I fight the temptation to turn this into one of those writer blogs that’s about nothing but the numbers. But this is an interesting enough development that it bears recording.
So: on April 30th, I made Too Close to Miss available on Amazon for free. It had been moving fewer than a dozen copies per month over the last couple months (B&N, still killing it), so I wouldn’t be losing much money by giving up sales. The shift from $2.99 to $0.00 wouldn’t take effect for a few days*, since I was taking advantage of Amazon’s price-match guarantee rather than their KDP Select program. So I lowered the price, checked in a few days later to see if it had taken effect (it hadn’t), and promptly forgot about it.
On May 7th, I saw that Too Close to Miss was finally at $0.00 on Amazon – the price-matching algorithms had caught up. I also saw that, through no work on my part, it had moved ten thousand free copies.
Fast forward a week. As of last night, Too Close to Miss has moved 60,000 free copies. It’s the #1 free ebook in the “Women Sleuths” category and, as of Sunday, was the #2 free ebook on Amazon overall.
When you get 60,000 of anything, you need to address it somehow. So let’s talk about the meaning of “free.”
I’ve been blogging for over ten years and I’ve never written something that 60,000 people have read. Even the occasional Overthinking It article of mine that found its way to the IMDb front page (and was fraught with errors) couldn’t match those numbers. And that’s free content too! So it takes more than just a $0.00 price tag – it takes a presence in front of an interested audience.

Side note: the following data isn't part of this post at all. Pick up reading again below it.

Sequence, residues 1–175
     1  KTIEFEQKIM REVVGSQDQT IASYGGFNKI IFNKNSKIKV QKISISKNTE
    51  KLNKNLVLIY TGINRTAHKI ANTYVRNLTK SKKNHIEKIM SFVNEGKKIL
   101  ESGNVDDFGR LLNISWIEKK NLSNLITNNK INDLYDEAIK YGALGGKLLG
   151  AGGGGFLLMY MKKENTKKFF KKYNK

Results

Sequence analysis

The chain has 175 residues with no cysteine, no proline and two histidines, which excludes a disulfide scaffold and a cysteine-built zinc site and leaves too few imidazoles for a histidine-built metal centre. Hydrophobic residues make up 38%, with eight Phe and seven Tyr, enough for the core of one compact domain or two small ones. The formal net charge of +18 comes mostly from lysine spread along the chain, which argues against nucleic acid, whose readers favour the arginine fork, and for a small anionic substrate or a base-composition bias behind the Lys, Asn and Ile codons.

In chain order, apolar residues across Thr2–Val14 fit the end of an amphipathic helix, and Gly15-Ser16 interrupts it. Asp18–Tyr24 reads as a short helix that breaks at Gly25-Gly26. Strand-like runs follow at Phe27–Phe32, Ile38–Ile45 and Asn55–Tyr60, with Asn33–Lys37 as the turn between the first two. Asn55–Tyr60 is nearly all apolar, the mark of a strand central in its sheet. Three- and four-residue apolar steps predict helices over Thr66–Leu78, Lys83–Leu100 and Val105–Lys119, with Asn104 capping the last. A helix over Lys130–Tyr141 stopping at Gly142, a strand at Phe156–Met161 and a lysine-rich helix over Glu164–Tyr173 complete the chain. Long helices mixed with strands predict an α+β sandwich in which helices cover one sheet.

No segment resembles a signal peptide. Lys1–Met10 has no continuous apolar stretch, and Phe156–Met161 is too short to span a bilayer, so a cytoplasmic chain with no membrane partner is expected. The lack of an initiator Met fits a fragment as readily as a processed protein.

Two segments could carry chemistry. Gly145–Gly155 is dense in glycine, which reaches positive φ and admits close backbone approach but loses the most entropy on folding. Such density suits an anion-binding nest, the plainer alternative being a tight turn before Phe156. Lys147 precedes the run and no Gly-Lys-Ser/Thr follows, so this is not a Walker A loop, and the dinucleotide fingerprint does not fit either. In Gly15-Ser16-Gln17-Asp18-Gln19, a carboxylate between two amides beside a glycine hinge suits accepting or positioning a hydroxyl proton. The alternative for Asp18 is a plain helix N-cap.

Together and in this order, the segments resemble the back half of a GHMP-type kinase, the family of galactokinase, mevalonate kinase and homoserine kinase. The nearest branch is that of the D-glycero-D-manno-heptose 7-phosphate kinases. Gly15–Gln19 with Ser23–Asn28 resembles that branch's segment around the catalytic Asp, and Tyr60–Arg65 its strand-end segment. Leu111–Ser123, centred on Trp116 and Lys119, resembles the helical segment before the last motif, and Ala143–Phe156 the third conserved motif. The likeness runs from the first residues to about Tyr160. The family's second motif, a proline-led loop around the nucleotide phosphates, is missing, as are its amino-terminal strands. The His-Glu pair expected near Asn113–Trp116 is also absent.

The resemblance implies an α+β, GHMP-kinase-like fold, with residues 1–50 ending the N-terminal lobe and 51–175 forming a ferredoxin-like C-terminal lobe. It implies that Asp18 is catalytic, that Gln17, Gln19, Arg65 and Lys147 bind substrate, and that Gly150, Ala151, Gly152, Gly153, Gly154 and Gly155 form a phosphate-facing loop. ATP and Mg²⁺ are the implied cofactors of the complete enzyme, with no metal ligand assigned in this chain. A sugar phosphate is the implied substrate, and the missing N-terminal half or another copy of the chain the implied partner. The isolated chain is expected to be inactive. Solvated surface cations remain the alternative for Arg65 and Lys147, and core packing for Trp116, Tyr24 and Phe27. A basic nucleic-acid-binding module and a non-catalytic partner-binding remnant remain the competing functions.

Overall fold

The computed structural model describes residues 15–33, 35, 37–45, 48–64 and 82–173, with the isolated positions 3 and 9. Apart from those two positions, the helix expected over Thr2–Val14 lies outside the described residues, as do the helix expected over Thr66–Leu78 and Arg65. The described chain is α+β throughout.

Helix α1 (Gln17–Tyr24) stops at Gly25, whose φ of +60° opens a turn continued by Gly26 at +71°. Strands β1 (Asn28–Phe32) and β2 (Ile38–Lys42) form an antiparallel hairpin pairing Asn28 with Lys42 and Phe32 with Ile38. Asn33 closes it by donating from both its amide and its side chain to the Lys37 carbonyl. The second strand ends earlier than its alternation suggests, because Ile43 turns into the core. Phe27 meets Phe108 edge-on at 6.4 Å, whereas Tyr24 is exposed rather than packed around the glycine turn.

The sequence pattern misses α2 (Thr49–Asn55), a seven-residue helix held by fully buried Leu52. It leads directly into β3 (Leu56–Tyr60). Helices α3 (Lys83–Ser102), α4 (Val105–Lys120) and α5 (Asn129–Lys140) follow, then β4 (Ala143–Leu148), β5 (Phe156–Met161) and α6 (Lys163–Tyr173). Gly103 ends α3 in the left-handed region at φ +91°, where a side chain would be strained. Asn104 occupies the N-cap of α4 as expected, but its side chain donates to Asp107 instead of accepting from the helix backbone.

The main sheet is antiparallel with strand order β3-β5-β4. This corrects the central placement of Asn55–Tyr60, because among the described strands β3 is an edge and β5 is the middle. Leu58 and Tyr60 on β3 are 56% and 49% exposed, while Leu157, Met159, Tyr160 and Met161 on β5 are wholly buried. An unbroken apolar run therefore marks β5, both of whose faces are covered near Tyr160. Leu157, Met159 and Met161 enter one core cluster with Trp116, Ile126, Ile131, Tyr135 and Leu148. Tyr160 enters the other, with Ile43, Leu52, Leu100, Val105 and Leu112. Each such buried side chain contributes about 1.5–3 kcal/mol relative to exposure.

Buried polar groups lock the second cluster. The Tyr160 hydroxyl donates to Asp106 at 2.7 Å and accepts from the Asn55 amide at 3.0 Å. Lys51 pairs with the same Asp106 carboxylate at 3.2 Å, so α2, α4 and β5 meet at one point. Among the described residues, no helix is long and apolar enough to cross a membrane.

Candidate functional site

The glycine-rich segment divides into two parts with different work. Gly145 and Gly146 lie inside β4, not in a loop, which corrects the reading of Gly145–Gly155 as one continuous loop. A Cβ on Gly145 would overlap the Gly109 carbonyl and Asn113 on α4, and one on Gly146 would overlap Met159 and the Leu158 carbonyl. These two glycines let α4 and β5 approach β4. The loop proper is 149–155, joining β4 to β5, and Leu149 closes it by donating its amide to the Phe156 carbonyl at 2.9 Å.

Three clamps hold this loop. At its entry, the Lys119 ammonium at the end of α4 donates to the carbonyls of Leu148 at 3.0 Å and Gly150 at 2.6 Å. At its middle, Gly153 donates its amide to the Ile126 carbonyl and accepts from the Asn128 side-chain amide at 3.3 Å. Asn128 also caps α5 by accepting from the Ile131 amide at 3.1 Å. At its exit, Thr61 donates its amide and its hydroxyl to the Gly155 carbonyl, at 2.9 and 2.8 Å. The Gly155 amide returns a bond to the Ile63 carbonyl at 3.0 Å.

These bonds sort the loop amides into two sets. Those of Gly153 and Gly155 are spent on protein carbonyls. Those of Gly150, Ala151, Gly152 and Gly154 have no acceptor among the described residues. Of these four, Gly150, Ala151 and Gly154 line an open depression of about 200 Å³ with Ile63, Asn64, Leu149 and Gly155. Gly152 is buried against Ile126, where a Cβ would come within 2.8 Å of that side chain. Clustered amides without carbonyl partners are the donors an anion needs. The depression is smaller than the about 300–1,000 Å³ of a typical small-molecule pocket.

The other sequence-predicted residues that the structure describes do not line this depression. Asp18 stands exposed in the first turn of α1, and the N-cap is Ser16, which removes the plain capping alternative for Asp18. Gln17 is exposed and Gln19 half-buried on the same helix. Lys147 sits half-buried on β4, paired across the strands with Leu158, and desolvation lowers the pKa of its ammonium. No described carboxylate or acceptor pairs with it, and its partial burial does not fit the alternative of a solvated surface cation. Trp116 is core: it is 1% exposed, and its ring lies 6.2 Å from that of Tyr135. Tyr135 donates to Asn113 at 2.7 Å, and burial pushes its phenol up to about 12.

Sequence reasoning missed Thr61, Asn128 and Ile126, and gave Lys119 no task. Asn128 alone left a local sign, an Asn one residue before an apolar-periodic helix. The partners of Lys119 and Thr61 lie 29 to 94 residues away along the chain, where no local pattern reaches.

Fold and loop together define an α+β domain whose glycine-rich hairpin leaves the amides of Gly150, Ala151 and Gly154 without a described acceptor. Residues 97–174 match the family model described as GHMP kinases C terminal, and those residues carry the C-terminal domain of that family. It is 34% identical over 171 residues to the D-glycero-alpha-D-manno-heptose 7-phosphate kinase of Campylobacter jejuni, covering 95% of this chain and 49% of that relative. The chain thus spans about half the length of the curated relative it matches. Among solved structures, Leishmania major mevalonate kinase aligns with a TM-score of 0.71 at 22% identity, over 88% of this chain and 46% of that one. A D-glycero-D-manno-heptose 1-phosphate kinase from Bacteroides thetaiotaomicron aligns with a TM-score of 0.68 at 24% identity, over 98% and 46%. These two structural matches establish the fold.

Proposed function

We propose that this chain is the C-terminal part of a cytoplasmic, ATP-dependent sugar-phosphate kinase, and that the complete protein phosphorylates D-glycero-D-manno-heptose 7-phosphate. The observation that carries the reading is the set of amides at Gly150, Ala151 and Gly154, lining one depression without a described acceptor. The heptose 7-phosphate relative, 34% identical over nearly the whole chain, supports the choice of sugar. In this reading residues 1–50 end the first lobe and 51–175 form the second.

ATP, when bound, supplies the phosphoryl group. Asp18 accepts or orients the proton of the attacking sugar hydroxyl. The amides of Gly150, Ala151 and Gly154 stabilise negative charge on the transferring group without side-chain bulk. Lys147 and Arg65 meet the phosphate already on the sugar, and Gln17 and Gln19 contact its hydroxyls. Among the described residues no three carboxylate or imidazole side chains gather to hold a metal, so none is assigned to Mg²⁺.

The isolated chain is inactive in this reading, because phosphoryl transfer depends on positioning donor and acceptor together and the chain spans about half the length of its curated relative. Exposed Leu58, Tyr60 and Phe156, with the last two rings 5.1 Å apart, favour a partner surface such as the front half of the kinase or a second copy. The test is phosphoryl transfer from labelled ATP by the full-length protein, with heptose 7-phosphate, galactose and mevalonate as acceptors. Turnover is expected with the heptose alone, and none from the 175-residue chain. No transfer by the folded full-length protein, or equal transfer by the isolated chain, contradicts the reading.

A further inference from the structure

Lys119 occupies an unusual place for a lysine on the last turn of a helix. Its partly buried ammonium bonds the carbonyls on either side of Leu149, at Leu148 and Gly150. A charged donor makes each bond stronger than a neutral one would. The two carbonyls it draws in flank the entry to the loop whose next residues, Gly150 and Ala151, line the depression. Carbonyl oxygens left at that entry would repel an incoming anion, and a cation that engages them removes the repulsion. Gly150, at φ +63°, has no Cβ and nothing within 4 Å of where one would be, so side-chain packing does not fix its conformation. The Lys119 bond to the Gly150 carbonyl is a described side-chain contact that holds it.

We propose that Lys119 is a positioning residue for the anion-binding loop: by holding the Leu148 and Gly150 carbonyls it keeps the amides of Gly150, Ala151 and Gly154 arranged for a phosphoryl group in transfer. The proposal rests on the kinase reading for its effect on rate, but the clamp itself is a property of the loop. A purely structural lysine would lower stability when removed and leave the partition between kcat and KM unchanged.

If I showed up in Times Square with 60,000 paperbacks, I couldn’t give them away in a week. And even if I did, almost all of them would end up in the garbage. The 60K copies of TCTM that have been downloaded in the last week all went to people who wanted something to read. A significant portion of them may have deleted it after the first page. But I guarantee I had a better success rate at connecting to readers with Amazon than I would have via any other means.
This is with practically no publicity effort on my part. I let my friends and the Overthinking It twitter feed know. But I do not have 60,000 friends, and OTI does not have 60,000 regular readers.
Then how did 60,000 people know this book was free all of a sudden? Amazon has created an audience expectation that plenty of Kindle books will be available for free at any one time. Sites and subcultures, like Kindle Nation Daily and Pixel of Ink, have sprung up around this notion: automatically and frequently updating subscribers on which ebooks are available for free that day. So there are people who will scoop every free ebook onto their Kindle like the lightning round of Supermarket Sweep. Given that, I’m not opening any champagne bottles yet.
And yet, presuming 1% of those 60,000 read the book and like it enough that they want to read more, that’s 600 new fans. All at a cost of the $20 to $30 that I lost in Amazon sales for May.
Final note: I would have been happy to end the experiment at 25K free copies. But, since this is a roundabout process (change the price at Smashwords, wait for it to get pushed to retailers, wait for the retailers to notice, wait for Amazon to notice the other retailers), it’s not fully under my control. Thankfully I’m not relying on this for significant income. And it’s not costing me or anyone else anything, so I’m left with this odd, inexplicable embarrassment as free copies keep pouring out the door.
Of course, the real test will be how many copies it moves once I start charging money for it again – or how many copies the next book in the series sells. Which should be any day now …
* Briefly: Amazon will not be undersold on an ebook if they can help it. If Amazon finds the same ebook at a lower price via another retailer, they will lower their price to match – all the way to zero if need be.